This tip works in two ways. First, if you haven’t yet used any texture, think about how you can incorporate it while maintaining the integrity of the colors and layout that you currently have. Use texture to reinforce an already strong design, not as a band-aid to poor design.
Secondly, if you’ve already used significant amounts of texture, try stripping it all out and getting a feel for the site with just solid colors. Then gradually reintroduce texture while being extremely selective about where it is applied.
9. Take a Break
Sometimes you just get stuck in a mental rut. No matter how much you try to climb out of it, you just keep recycling the same ideas and making the same mistakes.
If the suggestions above don’t help, try stepping away from the project for a while. Take a break, go for a walk or even work on another project for a while, the longer the better. If you have the time to spend an entire day focusing on something else, coming back after that extended break will give you a fresh perspective that is often just what you need to step back and identify the problematic areas.
Unfortunately, most projects that we work on don’t have enough lead time to waste a day skipping through the lilies of life without incurring the wrath of an angry client or the dread of a hard deadline. In these circumstances, short breaks are all that you’re going to get.
There’s actually an entire productivity system devoted to short breaks that lends itself perfectly to creative professions such as design. The Pomodoro method utilizes periods of uninterrupted work followed by brief breaks. Since creativity tends to come in bursts, trying this for a day might provide the perfect remedy for your lackluster design.
To learn how to apply these principles effectively in your own workflow, check out our article, How to Cut the Crap and Actually Be Productive as a Creative Person. It’s a straightforward and honest discussion about why designers struggle so much with the balance between creativity and productivity, why todo lists don’t work and how you can successfully get past it all and get something done!
10. Start Over
After spending hours pursuing an idea, no one wants to hear that they need to go back to the drawing board. As designers, we tend to form emotional connections with our creations. It’s a perfectly natural reaction, but you should be aware that this tendency can really get in the way of moving on and improving upon our initial thoughts.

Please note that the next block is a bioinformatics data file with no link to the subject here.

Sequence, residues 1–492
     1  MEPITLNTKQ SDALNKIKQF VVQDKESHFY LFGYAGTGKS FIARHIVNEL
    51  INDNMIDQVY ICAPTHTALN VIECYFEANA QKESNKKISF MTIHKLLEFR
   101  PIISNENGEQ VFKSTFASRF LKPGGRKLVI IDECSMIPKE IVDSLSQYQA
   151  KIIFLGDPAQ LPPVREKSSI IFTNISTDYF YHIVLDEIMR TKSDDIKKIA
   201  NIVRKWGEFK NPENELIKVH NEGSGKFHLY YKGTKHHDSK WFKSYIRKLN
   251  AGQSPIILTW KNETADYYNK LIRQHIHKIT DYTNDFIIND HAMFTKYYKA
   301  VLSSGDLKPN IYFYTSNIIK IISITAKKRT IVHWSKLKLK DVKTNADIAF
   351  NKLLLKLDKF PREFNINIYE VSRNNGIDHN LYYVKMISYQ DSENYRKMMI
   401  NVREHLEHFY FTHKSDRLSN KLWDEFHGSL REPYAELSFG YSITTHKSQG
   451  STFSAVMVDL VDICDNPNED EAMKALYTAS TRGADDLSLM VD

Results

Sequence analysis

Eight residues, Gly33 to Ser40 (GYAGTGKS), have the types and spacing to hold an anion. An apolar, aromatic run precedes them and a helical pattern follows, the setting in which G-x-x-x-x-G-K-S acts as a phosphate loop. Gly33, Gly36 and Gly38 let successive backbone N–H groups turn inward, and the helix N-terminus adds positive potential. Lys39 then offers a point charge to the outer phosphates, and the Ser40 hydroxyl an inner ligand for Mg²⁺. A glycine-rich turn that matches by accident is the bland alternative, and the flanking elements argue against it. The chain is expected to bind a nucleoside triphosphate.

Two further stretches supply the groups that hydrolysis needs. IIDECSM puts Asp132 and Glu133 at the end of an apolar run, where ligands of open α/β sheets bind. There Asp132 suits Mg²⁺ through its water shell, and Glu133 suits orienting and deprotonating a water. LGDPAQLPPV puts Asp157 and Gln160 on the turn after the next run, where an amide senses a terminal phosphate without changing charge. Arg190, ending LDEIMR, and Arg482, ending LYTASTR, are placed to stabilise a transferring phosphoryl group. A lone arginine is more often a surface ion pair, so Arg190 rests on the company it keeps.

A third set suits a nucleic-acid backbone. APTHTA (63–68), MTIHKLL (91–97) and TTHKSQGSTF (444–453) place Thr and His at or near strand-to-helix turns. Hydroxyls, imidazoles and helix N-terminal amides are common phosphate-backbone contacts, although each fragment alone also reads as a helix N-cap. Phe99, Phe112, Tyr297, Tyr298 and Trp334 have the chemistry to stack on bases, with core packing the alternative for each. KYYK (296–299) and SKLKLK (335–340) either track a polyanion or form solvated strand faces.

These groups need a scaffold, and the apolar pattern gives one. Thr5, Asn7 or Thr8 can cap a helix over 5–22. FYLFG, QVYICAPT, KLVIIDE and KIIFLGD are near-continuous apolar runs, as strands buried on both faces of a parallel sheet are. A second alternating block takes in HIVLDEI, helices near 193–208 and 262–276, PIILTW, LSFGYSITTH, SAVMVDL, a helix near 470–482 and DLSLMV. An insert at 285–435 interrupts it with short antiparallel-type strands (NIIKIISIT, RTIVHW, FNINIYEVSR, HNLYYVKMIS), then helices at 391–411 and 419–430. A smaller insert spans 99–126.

The bad news is that sometimes a design simply can’t be saved. Designers too often spend three hours tweaking a poor design when it would’ve taken them ninety minutes to start over from scratch and come up with something better.
Part of maturing in your skill as a designer is simply knowing when you’re wrong and pressing forward in a new direction. Sure, it looked great in your head but when it came out in Photoshop it looked like crap. Don’t whine and mope, hit Command+N and start fresh. Look around our design gallery for more great inspiration like that seen in this post and start over with something as completely different as you can come up with.
The most difficult part about this advice is knowing when you’re to that point where you need to start over. On the other hand, the most reassuring part is that your $1,200 iMac can in fact hold more than one PSD on its hard drive. Starting over doesn’t mean throwing away your original idea, it means saving it and filing it away so you have the option to come back to it later.
Sometimes you go through three more iterations only to realize that your first idea was indeed the best. Other times you move forward in another direction and stumble upon that old file months later and immediately see how those ideas could be incorporated successfully into your current project.
You might notice that this advice is a little two-faced. First, don’t be attached to your designs so much that you’re unwilling to scrap everything and start over from scratch. However, don’t be so unattached to your work that you throw away some genuinely promising concepts. Be a digital pack rat and never throw away a design that hasn’t yet reached its full potential. Create a folder of unfinished files and browse through it every few months for inspiration.
The point of this post is to get you to realize that, despite the fact that creative work is an unpredictable and abstract process, you can in fact apply logical steps towards reaching a solution in the event that you encounter problems.
The ten tips above should get your brain back in gear when you hit that creative wall and simply don’t know how to improve a design that needs an extra little boost. Some are hard and fast tricks that will only work a fraction of the time, others are steps that you should be taking on every design you produce. Experiment and find out which of these tips tends to work best for you. This is a great way to identify potential weaknesses that you need to improve upon.
Leave a comment below and let us know how you go about troubleshooting a lackluster design. Do you have any tricks up your sleeve for going that extra mile to refine your work or are you more prone to just scrap it all and start over? Let us know!